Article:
Charles Dickens

When I asked him, on his sitting down, what amazing devil possessed him to make this charge, he replied that he had never forgotten the days of Lord Verisopht. Then, ladies and gentlemen, I understood it all. Because it is a remarkable fact that in the days when that depreciative and profoundly unnatural character was invented there was no Lord Houghton in the House of Lords. And there was in the House of Commons a rather indifferent member called Richard Monckton Milnes.

Ladies and gentlemen, to conclude, for the present, I close with the other charge of my noble friend, and here I am more serious, and I may be allowed perhaps to express my seriousness in half a dozen plain words. When I first took literature as my profession in England, I calmly resolved within myself that, whether I succeeded or whether I failed, literature should be my sole profession. It appeared to me at that time that it was not so well understood in England as it was in other countries that literature was a dignified profession, by which any man might stand or fall. I made a compact with myself that in my person literature should stand, and by itself, of itself, and for itself; and there is no consideration on earth which would induce me to break that bargain.

Ladies and gentlemen, finally allow me to thank you for your great kindness, and for the touching earnestness with which you have drunk my health. I should have thanked you with all my heart if it had not so unfortunately happened that, for many sufficient reasons, I lost my heart at between half-past six and half-past seven to-night.


[The International University Boat Race having taken place on August 27, the London Rowing Club invited the Crews to a Dinner at the Crystal Palace on the following Monday. The dinner was followed by a grand display of pyrotechnics. Mr. Dickens, in proposing the health of the Crews, made the following speech:]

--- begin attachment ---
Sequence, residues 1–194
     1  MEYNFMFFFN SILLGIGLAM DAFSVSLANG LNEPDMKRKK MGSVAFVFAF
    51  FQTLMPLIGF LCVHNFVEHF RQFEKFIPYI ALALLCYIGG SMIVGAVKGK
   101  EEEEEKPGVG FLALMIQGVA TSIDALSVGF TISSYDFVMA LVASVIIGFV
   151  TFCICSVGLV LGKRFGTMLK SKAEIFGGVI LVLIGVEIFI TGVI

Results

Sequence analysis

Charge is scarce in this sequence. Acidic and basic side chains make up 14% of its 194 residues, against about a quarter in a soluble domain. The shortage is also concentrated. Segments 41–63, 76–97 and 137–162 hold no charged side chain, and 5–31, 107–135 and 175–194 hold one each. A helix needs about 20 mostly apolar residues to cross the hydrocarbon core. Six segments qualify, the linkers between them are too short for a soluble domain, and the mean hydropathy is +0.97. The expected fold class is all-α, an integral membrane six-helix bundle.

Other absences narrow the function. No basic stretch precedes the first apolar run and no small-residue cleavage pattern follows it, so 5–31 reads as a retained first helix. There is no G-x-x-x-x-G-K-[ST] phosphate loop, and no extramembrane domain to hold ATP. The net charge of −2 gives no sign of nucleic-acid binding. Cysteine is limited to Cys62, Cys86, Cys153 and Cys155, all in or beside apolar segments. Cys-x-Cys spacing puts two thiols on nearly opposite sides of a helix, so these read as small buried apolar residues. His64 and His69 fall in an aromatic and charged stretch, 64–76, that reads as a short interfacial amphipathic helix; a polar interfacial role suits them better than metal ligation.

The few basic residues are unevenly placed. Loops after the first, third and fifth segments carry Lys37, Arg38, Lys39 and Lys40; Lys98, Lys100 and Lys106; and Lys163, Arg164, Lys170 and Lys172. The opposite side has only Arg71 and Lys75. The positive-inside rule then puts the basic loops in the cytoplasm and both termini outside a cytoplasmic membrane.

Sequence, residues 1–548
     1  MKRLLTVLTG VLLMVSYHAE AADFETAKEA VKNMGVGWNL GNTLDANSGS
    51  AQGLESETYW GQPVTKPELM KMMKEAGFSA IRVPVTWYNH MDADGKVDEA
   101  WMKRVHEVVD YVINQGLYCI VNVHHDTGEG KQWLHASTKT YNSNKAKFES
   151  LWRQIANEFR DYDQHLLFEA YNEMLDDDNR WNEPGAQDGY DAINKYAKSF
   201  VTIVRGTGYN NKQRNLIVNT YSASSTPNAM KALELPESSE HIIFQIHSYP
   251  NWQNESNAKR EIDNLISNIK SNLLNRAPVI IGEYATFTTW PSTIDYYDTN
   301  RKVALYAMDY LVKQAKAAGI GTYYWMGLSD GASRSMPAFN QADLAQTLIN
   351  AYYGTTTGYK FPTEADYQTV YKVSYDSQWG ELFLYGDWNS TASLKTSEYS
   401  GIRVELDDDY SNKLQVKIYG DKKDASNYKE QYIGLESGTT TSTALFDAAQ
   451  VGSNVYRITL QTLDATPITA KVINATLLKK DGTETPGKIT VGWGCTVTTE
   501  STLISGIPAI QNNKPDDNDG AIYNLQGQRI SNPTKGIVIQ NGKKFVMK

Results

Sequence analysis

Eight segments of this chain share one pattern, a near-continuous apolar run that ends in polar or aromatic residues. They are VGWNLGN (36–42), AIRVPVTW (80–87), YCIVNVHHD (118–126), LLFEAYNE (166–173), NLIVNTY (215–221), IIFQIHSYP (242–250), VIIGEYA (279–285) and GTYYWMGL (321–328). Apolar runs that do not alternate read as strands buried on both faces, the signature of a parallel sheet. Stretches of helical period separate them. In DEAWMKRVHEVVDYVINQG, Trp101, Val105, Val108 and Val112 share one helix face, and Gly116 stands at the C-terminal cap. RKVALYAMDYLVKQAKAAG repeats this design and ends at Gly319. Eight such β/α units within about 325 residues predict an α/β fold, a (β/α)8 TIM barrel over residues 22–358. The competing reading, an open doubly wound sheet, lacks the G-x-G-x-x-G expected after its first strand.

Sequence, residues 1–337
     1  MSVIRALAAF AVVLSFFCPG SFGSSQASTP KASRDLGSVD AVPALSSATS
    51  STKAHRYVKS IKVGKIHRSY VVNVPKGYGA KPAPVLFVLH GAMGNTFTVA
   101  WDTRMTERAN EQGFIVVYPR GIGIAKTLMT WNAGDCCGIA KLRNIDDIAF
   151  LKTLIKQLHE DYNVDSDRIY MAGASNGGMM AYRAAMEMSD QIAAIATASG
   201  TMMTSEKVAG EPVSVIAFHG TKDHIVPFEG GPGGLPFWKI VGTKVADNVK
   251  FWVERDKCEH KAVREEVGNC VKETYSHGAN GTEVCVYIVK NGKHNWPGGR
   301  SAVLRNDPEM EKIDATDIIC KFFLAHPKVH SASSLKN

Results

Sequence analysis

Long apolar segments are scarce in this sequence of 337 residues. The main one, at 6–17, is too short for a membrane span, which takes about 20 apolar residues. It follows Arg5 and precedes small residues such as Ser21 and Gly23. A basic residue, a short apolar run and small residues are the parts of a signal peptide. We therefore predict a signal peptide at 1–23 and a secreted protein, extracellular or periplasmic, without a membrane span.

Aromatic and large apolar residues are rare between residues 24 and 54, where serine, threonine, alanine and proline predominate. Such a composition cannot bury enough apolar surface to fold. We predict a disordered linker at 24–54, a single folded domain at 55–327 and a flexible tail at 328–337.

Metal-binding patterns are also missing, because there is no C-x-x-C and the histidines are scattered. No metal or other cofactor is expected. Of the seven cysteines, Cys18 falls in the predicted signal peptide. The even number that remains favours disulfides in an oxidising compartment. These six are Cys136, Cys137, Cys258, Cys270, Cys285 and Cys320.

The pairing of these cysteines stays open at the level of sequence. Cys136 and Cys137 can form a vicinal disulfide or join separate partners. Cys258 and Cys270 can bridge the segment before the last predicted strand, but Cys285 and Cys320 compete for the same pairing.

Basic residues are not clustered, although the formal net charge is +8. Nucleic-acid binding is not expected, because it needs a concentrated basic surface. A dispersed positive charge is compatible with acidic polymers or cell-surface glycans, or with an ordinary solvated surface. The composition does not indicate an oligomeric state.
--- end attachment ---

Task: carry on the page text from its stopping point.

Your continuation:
Gentlemen, flushed with fireworks, I can warrant myself to you as about to imitate those gorgeous illusions by making a brief spirt and then dying out. And, first of all, as an invited visitor of the London Rowing Club on this most interesting occasion, I will beg, in the name of the other invited visitors present--always excepting the distinguished guests who are the cause of our meeting--to thank the president for the modesty and the courtesy with which he has deputed to one of us the most agreeable part of his evening's duty. It is the more graceful in him to do this because he can hardly fail to see that he might very easily do it himself, as this is a case of all others in which it is according to good taste and the very principles of things that the great social vice, speech-making, should hide it diminished head before the great social virtue action. However, there is an ancient story of a lady who threw her glove into an arena full of wild beasts to tempt her attendant lover to climb down and reclaim it. The lover, rightly inferring from the action the worth of the lady, risked his life for the glove, and then threw it rightly in her face as a token of his eternal adieu. {16} I take up the President's glove, on the contrary, as a proof of his much higher worth, and of my real interest in the cause in which it was thrown down, and I now profess my readiness to do even injustice to the duty which he has assigned me.

Gentlemen, a very remarkable and affecting volume was published in the United States within a short time before my last visit to that hospitable land, containing ninety-five biographies of young men, for the most part well-born and well nurtured, and trained in various peaceful pursuits of life, who, when the flag of their country waved them from those quiet paths in which they were seeking distinction of various kinds, took arms in the dread civil war which elicited so much bravery on both sides, and died in the defence of their country. These great spirits displayed extraordinary aptitude in the acquisition, even in the invention, of military tactics, in the combining and commanding of great masses of men, in surprising readiness of self-resource for the general good, in humanely treating the sick and the wounded, and in winning to themselves a very rare amount of personal confidence and trust.